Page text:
The Society for the College, an independent non-profit organization, hosted a panel called “A Curriculum Worthy of William and Mary?” April 22. The panel discussed changes to core education requirements a committee of faculty members proposed last year.
Under the proposed system, students would take a freshman seminar listed under the designation COLL 150 and six courses — three listed under COLL 200 and three from regular departments — throughout their education. The courses would be from each of the newly created domains: “The Arts and Aesthetic Interpretation,” “Social and Humanistic Understanding” and “Scientific and Quantitative Reasoning.” Juniors would take COLL 300 and a two-credit course called “W&M in the World,” Seniors would take a two credit senior seminar listed as COLL 400, in which students would compile and present their four years of learning to a public forum.
To open the panel, Society for the College member Matt Ames ’80 explained his chief concerns about the changes. He argued that while the proposed plan’s focus on interdisciplinary work and global relevance is admirable, it doesn’t require a broad enough foundation in basics like U.S. history and economics.
“It’s fine to have senior level classes for the best qualified undergrad[uate]s, but we believe that William and Mary students need a solid foundation … before moving on to interdisciplinary work,” Ames said. “As it stands now we feel [the proposed plan] does not succeed.”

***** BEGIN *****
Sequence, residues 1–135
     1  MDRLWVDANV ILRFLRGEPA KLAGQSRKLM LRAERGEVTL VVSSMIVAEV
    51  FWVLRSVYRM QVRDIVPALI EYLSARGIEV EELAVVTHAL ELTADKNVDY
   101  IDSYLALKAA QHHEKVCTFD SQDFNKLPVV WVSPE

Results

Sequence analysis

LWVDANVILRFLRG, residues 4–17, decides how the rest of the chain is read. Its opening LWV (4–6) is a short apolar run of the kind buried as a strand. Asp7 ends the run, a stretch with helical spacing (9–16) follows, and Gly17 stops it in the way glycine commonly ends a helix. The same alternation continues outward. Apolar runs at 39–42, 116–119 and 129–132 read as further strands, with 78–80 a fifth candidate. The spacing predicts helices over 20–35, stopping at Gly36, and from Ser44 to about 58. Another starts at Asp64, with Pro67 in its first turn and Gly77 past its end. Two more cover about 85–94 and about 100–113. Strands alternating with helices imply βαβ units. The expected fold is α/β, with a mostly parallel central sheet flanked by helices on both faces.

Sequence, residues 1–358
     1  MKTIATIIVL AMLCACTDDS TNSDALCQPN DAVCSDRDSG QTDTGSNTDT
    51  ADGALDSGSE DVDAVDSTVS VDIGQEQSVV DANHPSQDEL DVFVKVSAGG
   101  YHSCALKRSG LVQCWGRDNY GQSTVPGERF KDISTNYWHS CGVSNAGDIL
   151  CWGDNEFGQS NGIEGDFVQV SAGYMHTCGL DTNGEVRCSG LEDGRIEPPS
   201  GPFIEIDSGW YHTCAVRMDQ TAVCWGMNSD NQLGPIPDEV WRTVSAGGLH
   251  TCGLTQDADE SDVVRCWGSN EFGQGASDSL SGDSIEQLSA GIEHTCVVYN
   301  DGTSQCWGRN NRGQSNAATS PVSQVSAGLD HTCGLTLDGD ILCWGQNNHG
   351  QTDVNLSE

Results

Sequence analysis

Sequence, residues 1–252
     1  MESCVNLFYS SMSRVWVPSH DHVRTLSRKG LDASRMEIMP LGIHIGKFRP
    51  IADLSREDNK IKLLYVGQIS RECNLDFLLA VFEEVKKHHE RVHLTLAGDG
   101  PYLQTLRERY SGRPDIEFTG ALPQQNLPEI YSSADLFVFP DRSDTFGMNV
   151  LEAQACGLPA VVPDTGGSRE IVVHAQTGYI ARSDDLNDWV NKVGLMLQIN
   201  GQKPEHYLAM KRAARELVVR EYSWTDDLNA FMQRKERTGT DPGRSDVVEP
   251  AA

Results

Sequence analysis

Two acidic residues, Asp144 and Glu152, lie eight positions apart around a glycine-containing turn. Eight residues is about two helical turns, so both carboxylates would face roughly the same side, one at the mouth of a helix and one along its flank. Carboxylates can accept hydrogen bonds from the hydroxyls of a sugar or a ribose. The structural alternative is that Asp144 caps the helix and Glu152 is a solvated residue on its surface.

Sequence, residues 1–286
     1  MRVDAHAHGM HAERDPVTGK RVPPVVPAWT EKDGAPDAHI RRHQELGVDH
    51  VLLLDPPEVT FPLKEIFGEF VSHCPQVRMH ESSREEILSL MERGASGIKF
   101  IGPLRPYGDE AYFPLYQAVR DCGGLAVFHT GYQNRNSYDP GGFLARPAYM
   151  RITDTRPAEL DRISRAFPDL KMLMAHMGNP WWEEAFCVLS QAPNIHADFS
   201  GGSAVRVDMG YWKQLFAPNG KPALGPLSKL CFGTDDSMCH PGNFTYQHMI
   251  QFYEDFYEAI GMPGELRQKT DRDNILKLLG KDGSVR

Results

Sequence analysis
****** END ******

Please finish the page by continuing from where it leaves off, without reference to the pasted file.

Emory University professor Mark Bauerlein, expressed similar sentiments, saying a college’s curriculum should emphasize breadth before depth. He also criticized modern education’s focus on critical thinking over specific factual content.
“The broader your background knowledge is in, say, history the better you will be able to engage in critical historical thinking,” Bauerlein said.
Economics professor and Director of the Africana Studies Berhanu Abagez criticized COLL 300, designed to prepare students for studying abroad and an increasingly globalized job market, calling it “poorly conceived and designed.”
He also said the proposed system would put increased pressure on popular departments such as history and government.
“We should meet the demands of students as they express them … not shape student demand for courses by increasing the availability of certain classes,” Abegaz said.
Board of Visitors member and Lt. Gov. candidate Pete Snyder ’94 mentioned that the changes deal with only about one quarter of credit hours required for graduation and won’t be a radical departure from the College’s vision.
“I am certain that through conversations with our rector and future rector that any real deviation from the traditions and excellence of the College won’t be tolerated,” Snyder said. “[But] is there an opportunity to modernize? Absolutely.”